19 July 2016

The Semantics of Burgers

The other day, I was having lunch at a nearby canteen near where I work. One of the things the canteen offered was a Kartoffelburger mit Matjesfillet und Buntsalat (Potato burger with herring fillets and salad). This turned out to be two potato patties, made by shredding potatoes and frying them, and in between are two herring fillets, sandwiched between these two potato patties, together with some sauce. This made me wonder and scratch my head a little, because for some reason, I had the idea that they were using the word burger a little bit different here. In fact, I thought that they were over-extending the meaning of the word burger.

See, the word burger resulted from an incorrent analysis of the word hamburger: people thought that hamburger is a composite word composed of the morphemes ham and burger. Hence, you find new words like fish burger, lamb burger, and chicken burger, all referring to food items where the named meat is prepared and presented between two slices of bread.

In actuality, though, hamburger comes from the adjectival form of Hamburg, which means "(a person or thing) from Hamburg". But then, perhaps only linguists or German speakers (and most likely German-speaking linguists) would know that for sure.

But recently, as evidenced by my most recent experience with a potato burger, there seemed to be a new trend extending the semantics of the word burger. It used to mean any meat sandwiched between two bread pieces, but now, even the bread can go away. When I saw the word Kartoffelburger I thought that I would see two bread pieces, and in between is a piece of potato. But no, in this case, the potato substitutes for the bread, and something else comes in between, in this case, herring fillets. I actually saw the same thing in Köln, when I visited last April. I was in a restaurant with colleagues and I ordered the Reibekuchenburger: a Reibekuchen is the local name for shredded potato patties, and the Reibekuchenburger consists of two of such patties, and in between is a piece of steak, some vegetables, and a fried egg.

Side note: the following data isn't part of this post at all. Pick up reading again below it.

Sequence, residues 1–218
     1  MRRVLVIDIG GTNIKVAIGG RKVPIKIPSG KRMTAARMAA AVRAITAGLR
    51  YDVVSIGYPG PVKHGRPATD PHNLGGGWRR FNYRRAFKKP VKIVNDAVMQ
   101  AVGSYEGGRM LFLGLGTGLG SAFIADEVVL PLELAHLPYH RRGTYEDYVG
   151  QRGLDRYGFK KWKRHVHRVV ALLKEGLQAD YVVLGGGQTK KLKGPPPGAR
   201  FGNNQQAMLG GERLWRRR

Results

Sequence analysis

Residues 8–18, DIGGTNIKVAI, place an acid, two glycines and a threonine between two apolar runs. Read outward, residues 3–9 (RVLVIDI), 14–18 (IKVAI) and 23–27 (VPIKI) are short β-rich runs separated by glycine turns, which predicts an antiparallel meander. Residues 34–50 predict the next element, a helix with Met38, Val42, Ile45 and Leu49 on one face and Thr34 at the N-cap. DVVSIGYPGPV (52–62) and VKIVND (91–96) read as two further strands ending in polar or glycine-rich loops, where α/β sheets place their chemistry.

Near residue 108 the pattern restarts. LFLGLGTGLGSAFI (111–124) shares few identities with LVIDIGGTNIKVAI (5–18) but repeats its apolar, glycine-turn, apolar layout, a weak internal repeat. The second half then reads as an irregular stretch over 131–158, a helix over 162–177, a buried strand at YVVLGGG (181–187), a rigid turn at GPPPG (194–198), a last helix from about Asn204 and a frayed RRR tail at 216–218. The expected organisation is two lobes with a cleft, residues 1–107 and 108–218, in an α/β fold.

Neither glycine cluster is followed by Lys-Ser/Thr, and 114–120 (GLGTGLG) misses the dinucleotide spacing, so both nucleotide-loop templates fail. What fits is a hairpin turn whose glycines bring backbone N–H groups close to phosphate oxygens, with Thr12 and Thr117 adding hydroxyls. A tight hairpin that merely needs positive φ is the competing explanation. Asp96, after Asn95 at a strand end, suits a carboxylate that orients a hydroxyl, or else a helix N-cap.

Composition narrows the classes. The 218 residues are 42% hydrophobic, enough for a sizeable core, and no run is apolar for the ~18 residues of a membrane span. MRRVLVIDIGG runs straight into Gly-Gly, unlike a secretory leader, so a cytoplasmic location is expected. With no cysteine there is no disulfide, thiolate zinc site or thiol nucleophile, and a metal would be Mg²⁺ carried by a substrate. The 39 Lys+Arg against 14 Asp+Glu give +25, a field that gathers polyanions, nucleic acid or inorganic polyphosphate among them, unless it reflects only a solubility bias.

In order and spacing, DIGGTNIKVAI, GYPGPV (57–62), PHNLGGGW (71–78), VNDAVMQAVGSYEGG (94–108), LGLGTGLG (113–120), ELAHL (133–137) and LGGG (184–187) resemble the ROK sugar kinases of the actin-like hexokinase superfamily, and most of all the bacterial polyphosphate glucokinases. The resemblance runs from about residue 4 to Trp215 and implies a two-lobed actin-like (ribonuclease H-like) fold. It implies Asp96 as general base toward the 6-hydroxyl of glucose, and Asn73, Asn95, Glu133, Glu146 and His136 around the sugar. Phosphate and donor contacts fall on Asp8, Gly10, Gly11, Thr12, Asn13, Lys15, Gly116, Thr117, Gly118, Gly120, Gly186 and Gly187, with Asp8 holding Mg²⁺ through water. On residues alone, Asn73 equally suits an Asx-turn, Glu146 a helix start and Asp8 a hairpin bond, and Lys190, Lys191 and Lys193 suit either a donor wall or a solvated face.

These uses of the word burger definitely extends its semantics, in my opinion. Not to mention the fact that these new uses of the word burger also erases what in my opinion was a defining characteristic of what a real burger is, that one should eat it with one's own hands.

I suppose I am forgetting the fact that Germans are a very formal bunch, and even if they like going to burger restaurants in order to experience some American food, they eat their burgers using a fork and knife, as opposed to clutching it with their own two hands. In the case of these potato burgers, one cannot eat them using one's hands, instead, the fork and knife definitely has to be used.

I wonder what people would call as burgers fifty years from now. I am not necessarily against linguistic innovation, but sometimes I still catch myself being surprised at how a word changes its meaning.

2 comments:

  1. That's fascinating! The eating habits too, even French forget the knives and forks when eating burgers (but they use cutlery for pizza). As far as I know, in France, a burger is a US-style burger, very little variation here.

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    1. Zhu,

      Here in Berlin, it seems that restaurants are trying to outdo each other by making the most outrageous and crazy burger they can think of. So you can find so many different variants, not to mention the fact that there are also plenty of different toppings even for the regular ground meat version.

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